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Posts Tagged ‘John Philip Sousa’

Independence Day

Wednesday, 4 July 2018

That’s the first known recording of John Philip Sousas “The Stars And Stripes Forever March.” It was recorded by Kendle’s First Regiment Band on 29 December 1901 and published by Victor Records [source]. Sousa wrote in his autobiography that he composed the march on Christmas Day, 1896, while crossing the Atlantic, after he learned of the death of his band’s manager.

In 1987, an Act of Congress declared the song to be the Official National March of the United States of America.


Every person who supported cessation and fought for Independence from England was a British subject. Every person who fought against them were also subjects of The Crown. The American Revolution was fought by the British against the British.

The abuse of power by the King had become intolerable, and 13 individual colonies eventually banded together as one to fight the tyranny. The odds were not in their favor, and those colonists in the fray knew that they would be hung (or tortured to death) if they failed.

The Second Continental Congress convened in Philadelphia in the summer of 1775, shortly after the war with the British had begun. It was preceded by the First Continental Congress in the fall of 1774.

The Congress appointed George Washington as commander of the Continental Army, and authorized the raising of the army through conscription.

On July 4, 1776, the Congress issued the Declaration of Independence, which for the first time asserted the colonies’ intention to be fully independent of the mother country.

The Congress established itself as the central governing authority under the Articles of Confederation, which remained in force until 1788.


While sitting in pre-holiday traffic, I listened to The Mark Levin Show, and he played the audio of those two videos with commentary. I re-learned some history.

Have a Great Independence Day
and Remember What It Means.

[More Independence Day posts in our archives.]

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Independence Day: “Let despots remember…”

Tuesday, 4 July 2017

John Philip Sousa‘s sheet music for “The Stars and Stripes Forever! March” was first published in 1894, and his band recorded it in 1901. Check it out:


[Free audio download of Sousa’s recording here. Wanna see the Conductor’s Sheet Music? Click here.]

It’s been a century and a quarter yet it’s still one of the most recognizable marches in the world, especially around July 4th. An Act of Congress adopted it as the National March of the USA… in 1987. What I didn’t know is that Sousa penned lyrics for his timeless classic, and here is the last refrain:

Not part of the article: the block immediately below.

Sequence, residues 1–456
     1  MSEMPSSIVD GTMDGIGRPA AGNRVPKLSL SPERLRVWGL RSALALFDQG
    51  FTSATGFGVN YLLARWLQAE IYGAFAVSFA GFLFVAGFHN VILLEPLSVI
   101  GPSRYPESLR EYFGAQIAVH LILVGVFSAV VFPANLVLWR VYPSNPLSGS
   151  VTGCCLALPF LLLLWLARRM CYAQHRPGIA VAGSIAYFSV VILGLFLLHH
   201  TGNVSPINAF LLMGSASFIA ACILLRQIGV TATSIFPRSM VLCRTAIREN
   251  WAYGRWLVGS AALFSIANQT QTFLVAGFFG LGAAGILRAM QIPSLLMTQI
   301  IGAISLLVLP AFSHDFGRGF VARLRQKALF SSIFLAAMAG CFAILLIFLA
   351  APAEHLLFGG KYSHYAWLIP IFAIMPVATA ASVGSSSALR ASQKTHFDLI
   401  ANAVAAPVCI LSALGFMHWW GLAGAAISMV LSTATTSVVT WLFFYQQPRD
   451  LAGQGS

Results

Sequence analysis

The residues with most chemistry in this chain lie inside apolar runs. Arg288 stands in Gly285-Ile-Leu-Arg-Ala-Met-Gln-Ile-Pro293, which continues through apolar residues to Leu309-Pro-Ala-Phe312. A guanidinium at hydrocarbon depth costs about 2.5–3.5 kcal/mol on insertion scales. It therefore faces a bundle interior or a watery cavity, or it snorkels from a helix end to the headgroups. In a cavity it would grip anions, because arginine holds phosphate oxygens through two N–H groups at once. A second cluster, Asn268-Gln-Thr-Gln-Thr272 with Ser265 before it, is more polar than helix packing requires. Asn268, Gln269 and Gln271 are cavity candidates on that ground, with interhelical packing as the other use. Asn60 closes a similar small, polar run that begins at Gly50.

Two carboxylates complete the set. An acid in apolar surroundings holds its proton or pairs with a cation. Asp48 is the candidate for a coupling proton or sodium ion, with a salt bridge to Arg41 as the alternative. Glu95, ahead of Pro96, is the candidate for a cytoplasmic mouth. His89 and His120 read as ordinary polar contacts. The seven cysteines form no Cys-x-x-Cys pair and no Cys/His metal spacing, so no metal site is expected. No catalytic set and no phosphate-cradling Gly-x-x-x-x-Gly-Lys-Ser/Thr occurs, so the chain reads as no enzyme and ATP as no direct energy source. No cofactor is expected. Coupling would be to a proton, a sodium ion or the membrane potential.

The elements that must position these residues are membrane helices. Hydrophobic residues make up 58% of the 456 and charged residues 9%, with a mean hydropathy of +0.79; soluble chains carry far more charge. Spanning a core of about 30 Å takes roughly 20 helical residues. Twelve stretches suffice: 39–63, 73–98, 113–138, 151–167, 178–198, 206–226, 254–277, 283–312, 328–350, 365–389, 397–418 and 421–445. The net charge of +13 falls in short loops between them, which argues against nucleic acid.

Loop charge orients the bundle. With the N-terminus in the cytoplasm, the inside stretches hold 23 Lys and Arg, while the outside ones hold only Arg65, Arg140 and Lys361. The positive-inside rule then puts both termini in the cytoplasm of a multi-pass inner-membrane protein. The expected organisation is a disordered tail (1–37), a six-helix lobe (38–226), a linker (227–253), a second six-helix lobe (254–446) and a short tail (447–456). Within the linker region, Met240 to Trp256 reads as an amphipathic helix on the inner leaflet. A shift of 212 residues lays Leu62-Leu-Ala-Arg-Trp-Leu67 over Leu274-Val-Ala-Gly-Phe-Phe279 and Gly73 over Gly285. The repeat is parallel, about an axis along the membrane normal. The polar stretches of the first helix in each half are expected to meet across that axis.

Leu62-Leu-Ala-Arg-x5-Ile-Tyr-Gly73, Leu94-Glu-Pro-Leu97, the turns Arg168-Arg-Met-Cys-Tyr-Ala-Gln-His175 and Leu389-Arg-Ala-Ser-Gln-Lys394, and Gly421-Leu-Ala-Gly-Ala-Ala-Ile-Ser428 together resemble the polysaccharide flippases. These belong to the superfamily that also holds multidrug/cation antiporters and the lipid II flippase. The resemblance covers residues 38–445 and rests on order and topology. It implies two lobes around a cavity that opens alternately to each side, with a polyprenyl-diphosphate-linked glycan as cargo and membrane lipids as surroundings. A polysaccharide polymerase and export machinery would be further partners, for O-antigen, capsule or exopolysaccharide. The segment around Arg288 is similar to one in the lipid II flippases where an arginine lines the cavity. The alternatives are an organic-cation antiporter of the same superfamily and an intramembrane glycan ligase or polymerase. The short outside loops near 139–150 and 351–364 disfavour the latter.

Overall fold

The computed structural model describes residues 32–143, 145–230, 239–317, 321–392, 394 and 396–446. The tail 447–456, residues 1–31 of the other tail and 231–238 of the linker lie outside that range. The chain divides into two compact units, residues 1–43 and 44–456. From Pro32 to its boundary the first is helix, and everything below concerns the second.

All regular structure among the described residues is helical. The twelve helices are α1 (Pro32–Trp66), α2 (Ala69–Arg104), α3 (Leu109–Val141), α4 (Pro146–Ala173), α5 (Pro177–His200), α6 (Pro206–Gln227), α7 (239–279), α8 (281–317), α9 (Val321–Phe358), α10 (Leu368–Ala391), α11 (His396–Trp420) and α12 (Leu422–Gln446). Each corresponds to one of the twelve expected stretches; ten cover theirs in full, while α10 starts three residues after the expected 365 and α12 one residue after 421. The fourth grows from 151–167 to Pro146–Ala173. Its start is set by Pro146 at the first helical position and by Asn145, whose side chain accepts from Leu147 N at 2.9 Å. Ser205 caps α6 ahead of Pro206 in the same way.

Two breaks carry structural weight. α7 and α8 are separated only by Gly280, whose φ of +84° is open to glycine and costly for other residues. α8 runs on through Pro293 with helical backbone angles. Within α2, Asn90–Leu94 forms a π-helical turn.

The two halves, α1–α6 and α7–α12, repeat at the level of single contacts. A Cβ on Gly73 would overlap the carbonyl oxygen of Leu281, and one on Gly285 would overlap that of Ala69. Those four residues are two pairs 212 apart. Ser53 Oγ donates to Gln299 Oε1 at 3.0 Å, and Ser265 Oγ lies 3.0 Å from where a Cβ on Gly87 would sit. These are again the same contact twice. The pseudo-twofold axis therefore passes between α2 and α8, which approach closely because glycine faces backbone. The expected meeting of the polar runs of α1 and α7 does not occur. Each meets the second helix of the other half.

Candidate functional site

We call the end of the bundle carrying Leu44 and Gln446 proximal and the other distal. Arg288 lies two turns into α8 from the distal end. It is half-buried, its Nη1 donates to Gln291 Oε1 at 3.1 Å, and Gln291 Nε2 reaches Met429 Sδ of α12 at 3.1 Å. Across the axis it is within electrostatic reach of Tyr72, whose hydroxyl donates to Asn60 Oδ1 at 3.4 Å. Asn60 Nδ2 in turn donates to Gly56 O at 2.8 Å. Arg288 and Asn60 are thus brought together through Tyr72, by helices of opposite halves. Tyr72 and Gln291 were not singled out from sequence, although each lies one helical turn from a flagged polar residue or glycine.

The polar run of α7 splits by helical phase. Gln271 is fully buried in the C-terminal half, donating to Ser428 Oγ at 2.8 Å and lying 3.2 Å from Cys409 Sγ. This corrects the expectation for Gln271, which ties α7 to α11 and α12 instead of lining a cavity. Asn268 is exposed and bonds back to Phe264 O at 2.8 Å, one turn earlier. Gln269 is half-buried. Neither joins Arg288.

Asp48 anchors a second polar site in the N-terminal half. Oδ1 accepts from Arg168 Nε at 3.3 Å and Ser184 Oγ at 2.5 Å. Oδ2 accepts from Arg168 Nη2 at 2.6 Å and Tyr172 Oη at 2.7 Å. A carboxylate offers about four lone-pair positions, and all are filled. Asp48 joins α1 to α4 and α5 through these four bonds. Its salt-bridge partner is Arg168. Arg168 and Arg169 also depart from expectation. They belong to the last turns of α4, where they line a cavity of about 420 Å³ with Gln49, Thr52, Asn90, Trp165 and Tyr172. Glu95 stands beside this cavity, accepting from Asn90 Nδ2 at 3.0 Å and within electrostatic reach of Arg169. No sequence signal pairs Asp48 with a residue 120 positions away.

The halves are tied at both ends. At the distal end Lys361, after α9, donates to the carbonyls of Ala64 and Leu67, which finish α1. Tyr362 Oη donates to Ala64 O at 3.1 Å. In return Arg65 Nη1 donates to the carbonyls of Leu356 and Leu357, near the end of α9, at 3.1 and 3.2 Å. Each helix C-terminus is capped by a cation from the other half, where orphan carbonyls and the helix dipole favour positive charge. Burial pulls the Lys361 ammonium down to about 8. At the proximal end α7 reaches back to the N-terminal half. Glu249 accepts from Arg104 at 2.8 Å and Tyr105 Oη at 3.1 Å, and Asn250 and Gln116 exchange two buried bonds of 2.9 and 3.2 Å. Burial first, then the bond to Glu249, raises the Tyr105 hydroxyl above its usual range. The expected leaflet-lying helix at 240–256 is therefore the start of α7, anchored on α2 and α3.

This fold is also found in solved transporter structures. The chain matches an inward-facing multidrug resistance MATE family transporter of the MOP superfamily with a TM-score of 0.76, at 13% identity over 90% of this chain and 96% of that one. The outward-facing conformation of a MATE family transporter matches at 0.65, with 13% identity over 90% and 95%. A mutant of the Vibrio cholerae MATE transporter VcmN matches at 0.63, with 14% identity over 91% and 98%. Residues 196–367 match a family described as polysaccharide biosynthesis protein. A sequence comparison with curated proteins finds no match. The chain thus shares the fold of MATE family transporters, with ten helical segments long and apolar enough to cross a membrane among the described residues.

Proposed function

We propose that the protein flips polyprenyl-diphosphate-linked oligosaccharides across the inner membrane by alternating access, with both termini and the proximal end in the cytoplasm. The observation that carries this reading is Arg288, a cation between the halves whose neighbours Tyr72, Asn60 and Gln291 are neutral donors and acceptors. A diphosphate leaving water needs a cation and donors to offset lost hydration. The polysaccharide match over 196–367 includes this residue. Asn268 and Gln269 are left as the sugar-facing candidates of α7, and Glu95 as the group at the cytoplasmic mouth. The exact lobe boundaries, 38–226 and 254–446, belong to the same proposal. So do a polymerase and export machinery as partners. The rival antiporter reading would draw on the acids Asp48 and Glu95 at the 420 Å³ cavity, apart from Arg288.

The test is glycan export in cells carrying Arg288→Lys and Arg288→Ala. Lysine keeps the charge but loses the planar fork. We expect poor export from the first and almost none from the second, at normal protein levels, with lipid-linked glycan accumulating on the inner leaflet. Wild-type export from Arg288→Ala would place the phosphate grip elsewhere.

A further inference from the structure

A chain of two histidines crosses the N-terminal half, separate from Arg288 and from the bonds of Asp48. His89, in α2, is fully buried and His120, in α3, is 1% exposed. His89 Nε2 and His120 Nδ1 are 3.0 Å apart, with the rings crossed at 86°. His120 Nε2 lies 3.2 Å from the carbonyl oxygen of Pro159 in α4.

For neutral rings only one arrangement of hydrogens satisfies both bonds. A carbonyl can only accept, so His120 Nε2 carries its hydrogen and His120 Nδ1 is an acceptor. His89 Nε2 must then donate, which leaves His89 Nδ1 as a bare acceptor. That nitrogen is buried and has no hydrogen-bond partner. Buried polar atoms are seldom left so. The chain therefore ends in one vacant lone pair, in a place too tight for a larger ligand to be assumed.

“Hurrah for the flag of the free!
May it wave as our standard forever;
The gem of the land and the sea,
The ban-ner of the right.
Let despots remember the day,
When our fathers with mighty endeavor,
Proclaimed as they marched to the fray,
That by their might and by their right
It waves forever.”

Note that The Founding Fathers were all British citizens, right up until the Declaration of Independence. If you’ve never read it, read it; and if you’ve read it, read it again. Then read the Preamble to the U.S. Constitution. Out loud.

Teach your kids and grandchilluns the meaning and importance of Independence Day, because nobody else will. Tell them how pissed off the colonists were, and why, and then tell them what they eventually did about it. Then grill a buncha hot dogs and hamburgers, take ’em to a local fireworks show and have a great Independence Day Celebration. See ya there!

Independence Day 2015

Saturday, 4 July 2015

Editing The Declaration of Independence1776

Today is the Commemoration of the Birth of a New Nation, conceived in Liberty, on the self-evident proposition that All Men are created equal. No other nation in history accomplished what these 13 Colonies did, and no other nation in history achieved what the United States of America accomplished in such a relatively short time span. God Bless America.

When in the Course of human events, it becomes necessary for one people to dissolve the political bands which have connected them with another, and to assume among the powers of the earth, the separate and equal station to which the Laws of Nature and of Nature’s God entitle them, a decent respect to the opinions of mankind requires that they should declare the causes which impel them to the separation.

We hold these truths to be self-evident, that all men are created equal, that they are endowed by their Creator with certain unalienable Rights, that among these are Life, Liberty and the pursuit of Happiness.

READ IT.

Better yet, read it while listening to this:

Stars and Stripes Forever

Note that the link to the recording dated August 1903 contains a politically correct disclaimer:

WARNING: These historical recordings may contain offensive or inappropriate language.

That warning, attached to a recording of a classic John Philip Sousa composition from the early 1900s, was intended as a caution to those who might be offended by the *ahem* lyrics. Pure idiocy.

Have a great Independence Day, and Remember Always.

 


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